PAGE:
The United States has no plans this year for tripartite ballistic missile defense exercises with South Korea and Japan despite Washington's continued push for bolstering three-way military cooperation with the key regional allies, according to a Pentagon source.
"I do not believe we have any trilat missile exercise scheduled this year," the source told Yonhap News Agency.
The three countries had the Pacific Dragon exercise last year, in which they successfully tracked two near-simultaneous launches of target ballistic missiles.
It was aimed at honing air defense capabilities against North Korea's ballistic missile threats. In April, the nuclear-armed communist nation successfully launched a space rocket, which was viewed by the U.S. as a test of intercontinental ballistic missile.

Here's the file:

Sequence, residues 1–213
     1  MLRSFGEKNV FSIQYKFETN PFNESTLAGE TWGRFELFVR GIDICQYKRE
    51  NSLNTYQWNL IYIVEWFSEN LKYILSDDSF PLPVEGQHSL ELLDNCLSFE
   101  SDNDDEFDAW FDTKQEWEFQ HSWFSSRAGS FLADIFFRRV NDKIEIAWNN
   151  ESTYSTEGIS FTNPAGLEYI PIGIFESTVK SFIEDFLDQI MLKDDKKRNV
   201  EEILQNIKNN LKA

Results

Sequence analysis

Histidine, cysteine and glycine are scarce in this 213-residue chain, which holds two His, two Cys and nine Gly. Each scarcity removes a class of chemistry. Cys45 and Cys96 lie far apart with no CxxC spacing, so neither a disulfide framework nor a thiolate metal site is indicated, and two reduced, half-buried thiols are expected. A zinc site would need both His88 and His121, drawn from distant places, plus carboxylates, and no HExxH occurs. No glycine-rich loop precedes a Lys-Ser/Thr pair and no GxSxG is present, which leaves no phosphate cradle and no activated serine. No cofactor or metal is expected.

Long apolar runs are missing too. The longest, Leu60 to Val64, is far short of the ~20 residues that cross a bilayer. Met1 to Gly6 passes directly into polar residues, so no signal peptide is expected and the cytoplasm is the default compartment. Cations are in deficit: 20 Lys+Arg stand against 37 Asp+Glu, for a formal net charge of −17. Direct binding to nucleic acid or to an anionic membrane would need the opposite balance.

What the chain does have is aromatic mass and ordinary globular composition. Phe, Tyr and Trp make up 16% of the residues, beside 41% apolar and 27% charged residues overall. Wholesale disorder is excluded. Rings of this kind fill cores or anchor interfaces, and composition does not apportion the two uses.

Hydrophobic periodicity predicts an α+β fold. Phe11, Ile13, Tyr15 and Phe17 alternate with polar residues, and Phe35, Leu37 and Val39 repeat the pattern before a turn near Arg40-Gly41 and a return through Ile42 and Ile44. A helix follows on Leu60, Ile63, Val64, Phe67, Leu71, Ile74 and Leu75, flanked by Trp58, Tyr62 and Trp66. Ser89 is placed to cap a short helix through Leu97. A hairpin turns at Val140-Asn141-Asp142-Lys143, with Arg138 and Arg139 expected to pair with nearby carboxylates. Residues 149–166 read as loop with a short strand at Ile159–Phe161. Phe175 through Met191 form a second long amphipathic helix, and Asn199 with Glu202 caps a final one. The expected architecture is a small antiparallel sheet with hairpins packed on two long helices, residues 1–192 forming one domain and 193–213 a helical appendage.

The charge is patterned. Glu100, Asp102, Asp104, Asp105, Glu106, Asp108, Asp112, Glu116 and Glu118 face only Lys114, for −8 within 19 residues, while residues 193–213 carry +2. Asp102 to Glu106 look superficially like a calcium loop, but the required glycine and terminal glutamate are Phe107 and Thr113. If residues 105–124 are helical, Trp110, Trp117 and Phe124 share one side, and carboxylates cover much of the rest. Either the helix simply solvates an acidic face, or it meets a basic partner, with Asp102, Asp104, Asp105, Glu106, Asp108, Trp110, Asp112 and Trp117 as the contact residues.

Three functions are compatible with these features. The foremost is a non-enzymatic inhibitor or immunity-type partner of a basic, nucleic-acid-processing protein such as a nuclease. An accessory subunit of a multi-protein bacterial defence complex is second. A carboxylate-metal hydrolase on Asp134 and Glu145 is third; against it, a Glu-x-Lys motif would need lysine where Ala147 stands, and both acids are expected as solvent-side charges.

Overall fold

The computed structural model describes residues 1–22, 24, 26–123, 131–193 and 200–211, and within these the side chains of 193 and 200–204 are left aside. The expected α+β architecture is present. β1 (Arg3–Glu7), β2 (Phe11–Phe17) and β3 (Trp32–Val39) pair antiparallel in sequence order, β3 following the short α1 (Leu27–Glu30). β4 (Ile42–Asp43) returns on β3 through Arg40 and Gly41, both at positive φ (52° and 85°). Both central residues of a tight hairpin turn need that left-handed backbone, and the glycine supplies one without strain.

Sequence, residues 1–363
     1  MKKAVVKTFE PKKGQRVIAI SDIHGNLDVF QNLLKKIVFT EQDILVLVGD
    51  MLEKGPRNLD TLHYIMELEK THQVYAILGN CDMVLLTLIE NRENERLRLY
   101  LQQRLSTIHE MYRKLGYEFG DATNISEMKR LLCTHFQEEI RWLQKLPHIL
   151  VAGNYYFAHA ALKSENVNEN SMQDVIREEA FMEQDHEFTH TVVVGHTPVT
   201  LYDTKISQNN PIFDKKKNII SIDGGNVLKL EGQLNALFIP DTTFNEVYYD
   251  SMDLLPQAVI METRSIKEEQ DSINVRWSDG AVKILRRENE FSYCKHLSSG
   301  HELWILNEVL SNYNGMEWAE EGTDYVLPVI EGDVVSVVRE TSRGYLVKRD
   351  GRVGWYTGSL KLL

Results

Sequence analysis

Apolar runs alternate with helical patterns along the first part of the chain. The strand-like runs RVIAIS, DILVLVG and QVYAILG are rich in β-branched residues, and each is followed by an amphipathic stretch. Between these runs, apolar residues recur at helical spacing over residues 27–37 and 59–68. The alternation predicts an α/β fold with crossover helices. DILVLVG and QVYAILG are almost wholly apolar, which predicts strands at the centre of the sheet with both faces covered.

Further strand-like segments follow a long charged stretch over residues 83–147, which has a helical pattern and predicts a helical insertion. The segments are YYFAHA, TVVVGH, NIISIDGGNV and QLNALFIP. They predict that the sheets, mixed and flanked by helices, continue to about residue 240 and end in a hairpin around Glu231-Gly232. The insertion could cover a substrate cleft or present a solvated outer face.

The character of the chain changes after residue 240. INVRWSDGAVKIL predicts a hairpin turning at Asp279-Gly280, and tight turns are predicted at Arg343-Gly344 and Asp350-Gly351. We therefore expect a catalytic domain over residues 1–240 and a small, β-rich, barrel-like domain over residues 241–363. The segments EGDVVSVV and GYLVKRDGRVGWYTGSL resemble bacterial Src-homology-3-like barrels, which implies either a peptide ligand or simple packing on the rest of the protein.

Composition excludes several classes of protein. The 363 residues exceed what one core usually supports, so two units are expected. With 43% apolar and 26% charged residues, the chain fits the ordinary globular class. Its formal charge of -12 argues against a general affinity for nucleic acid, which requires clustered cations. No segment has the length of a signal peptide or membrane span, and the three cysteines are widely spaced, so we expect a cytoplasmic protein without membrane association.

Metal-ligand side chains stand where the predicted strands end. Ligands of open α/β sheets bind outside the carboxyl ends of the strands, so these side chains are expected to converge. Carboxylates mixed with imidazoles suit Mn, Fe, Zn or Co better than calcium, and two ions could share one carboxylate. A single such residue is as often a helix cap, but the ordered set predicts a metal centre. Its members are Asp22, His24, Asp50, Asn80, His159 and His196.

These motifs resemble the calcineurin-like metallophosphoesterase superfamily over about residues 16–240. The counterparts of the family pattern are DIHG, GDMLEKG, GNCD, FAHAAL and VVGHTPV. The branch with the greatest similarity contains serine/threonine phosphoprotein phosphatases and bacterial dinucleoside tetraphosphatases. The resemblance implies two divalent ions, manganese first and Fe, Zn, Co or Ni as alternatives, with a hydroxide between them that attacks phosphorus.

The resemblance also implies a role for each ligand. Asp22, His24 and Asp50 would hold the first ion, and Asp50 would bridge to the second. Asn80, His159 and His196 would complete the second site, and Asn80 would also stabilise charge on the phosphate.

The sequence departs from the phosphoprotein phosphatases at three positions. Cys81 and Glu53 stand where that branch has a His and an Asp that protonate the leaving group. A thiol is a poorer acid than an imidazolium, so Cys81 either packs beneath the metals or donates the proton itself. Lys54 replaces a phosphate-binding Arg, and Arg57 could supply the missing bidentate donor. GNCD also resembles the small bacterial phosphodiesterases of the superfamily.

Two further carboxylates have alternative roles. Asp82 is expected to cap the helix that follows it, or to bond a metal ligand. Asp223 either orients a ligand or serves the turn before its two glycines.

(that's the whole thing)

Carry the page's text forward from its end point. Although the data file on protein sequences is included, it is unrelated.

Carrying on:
Pentagon officials said they were satisfied with the results of the Pacific Dragon training held off the coast of the Korean Peninsula and hoped for follow-up drills.
The U.S. considers boosting trilateral cooperation with the regional allies on regional missile defense as an option, a senior defense department official said earlier.
The Pentagon's decision to skip a trilateral missile defense exercise this year may be attributable to the North's recent peace offensive, another source said.
Political and diplomatic ties between Seoul and Tokyo also show no signs of improving.
For now, the Pentagon is apparently focusing on preparing for a possible strike on Syria.
Meanwhile, the U.S. went ahead with its own missile defense test this week.
The Pentagon announced Tuesday its troops "successfully conducted a complex missile defense flight test, resulting in the intercept of two medium-range ballistic missile targets."
The flight test in the western Pacific was "planned more than a year ago, and is not in any way connected to events in the Middle East," it added.
U.S. ballistic missile defense system programs have completed 62 successful hit-to-kill intercepts in 78 flight test attempts since 2001, according to the Pentagon. (Yonhap News)